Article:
Heartless City (2013) Review Cont’d

Time and Excess

Manipulation of time within the melodrama in terms of the constant negotiation between being ‘too late’ and arriving ‘in the nick of time’ creates the tension between whether the character experiences a paroxysm of pathos or the exhilaration of action (69). And because of this negotiation, moments of high dramatic tension often take on a dual nature wherein the shortness of diegetic time gets prolonged by the formalistic elements of the scene (73), such that seconds within the diegetic world could be presented as minutes in terms of screen time.

Time in Heartless City, however, moves differently. Instead of embodying the immediacy of successful action or failed inaction as suggested by Williams’ choice of phrases “too late” and “in the nick of time,” the dramatic pleasure in the first half of the series comes from the exhilaration of action derived from Baksa Aduel being consistently and comfortably “one step ahead” such that the character appears almost omniscient, while the intense, almost hysterical, paroxysms of pathos in episode 14 & 15 comes from his impotence at being able to affect positive change in a key series of events entrenched in the distant past.

To illustrate what I mean by the character’s omniscience and mastery over potentially disastrous situations I will refer you to 3 dramatic fight sequences in the series that consistently involve Baksa Aduel’s early, unseen and unexpected arrival on scene, resulting in an element of surprise, which he then uses to triumph over his opponents single-handedly.

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In this instance in the first episode, the mid-rank drug dealers, Scale, ‘Meth’ Kim and Halibut, are meeting to discuss a replacement for Baksa Aduel’s position because he had made known his ambition to ascend the ranks within the drug cartel at the start of the episode. Baksa Aduel is the first gangster to arrive on scene putting him in a position to spring a successful ambush on ‘Meth’ Kim, and be the only character to leave the scene unscathed, leaving Hyeong-min’s Special Branch task force in the dust.

In this instance, both the audience and the characters don’t even realize Baksa Aduel is on scene until he reveals himself. This fight is the first time we get a sense of his dualistic nature. As rising crime boss, his goal is to stop the influx of drugs from a competing supplier, and as undercover police officer, his goal is just to stop the inflow of any drugs. There is also a growing sense that this character’s competence and single-handed successes arise not out of proficiency or superiority, but out of necessity because of the isolation that surrounds him due to his dualistic role.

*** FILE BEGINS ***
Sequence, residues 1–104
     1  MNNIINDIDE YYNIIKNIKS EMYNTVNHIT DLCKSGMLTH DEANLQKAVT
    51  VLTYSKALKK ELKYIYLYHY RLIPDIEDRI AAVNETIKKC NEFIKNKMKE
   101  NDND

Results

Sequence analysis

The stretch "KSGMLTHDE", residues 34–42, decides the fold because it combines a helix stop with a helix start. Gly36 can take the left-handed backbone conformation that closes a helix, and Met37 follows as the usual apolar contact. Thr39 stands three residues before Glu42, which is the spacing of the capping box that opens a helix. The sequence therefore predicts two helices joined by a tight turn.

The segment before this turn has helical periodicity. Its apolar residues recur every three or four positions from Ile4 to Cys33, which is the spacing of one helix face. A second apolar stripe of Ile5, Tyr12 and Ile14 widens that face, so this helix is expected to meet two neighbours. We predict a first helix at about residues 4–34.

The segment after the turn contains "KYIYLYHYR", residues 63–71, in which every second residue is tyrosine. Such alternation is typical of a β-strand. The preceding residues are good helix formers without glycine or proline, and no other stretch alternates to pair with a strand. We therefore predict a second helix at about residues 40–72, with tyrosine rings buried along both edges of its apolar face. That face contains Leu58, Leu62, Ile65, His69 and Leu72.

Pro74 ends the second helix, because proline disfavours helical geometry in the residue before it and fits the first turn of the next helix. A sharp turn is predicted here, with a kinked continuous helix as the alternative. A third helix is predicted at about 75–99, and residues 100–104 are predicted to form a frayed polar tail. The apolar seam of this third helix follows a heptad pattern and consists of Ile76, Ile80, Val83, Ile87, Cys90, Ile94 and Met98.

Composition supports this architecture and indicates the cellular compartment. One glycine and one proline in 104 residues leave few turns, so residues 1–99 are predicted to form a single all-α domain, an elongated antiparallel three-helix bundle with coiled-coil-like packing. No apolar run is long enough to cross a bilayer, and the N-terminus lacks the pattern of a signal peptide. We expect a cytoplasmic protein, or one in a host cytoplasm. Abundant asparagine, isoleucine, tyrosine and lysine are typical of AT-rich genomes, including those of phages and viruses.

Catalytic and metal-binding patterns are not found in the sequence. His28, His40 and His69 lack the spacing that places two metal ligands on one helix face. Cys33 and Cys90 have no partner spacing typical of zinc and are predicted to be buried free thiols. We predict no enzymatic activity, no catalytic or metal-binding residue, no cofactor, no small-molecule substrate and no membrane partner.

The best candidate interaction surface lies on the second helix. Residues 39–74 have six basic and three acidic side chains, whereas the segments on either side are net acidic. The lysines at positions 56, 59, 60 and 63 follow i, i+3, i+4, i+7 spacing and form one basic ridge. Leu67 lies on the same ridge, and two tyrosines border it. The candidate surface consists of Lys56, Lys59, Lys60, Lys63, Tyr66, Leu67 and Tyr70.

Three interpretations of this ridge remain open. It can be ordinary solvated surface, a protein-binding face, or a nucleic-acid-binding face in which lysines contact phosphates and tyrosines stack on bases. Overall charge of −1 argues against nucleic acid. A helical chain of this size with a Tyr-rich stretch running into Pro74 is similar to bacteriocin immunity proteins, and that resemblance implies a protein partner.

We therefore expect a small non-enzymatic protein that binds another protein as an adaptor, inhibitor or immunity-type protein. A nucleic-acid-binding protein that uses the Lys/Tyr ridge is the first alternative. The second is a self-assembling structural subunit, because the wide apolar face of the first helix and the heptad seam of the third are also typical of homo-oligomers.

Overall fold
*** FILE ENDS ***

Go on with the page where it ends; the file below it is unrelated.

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As we move further and further along into the series, the buffer zone that allows Baksa Aduel to be comfortably “one step ahead” begins to shorten. As it is, this fight is a reaction to an attempt on his romantic-interest’s life and actually forces him to form a partnership with Hyeong-min in order to secure a positive outcome.

This shortening of the temporal buffer zone that attributed a kind of comfort and ease, control and mastery of situation to the character has a direct relation to the second half of the drama where there is a collapse of time whereby the past intrudes on the present and throws the character into a paroxysm of pathos over his own impotence to change past events.

One of the lines of narrative in the series is Baksa Aduel’s deep-seated hatred of the drug trade because he own mother died of an overdose. This is coupled with a side quest to find out who killed his mother. Unfortunately, in episode 14-15, he finds out that he has been misled by his handler into believing that Safari Moon, a father figure of sorts to him, was responsible. Worse still, Safari informs him of his own culpability in his mother’s death by naively ferrying drugs between his mother and Safari for distribution in the neighbourhood in exchange for “errand money.”

The fissure in Baksa Aduel’s composure is built beautifully throughout the 2 episodes in a series of shots reminiscent of women’s dramas from the 50s and 60s that show the character out of sync with himself (the effeminizing of the male body through suffering represented through formalistic elements often associated with a female dominated genre):

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Before finally culminating in an explosive paroxysm of pathos where inner torment finds outward expression when he smashes his own hand with a rock.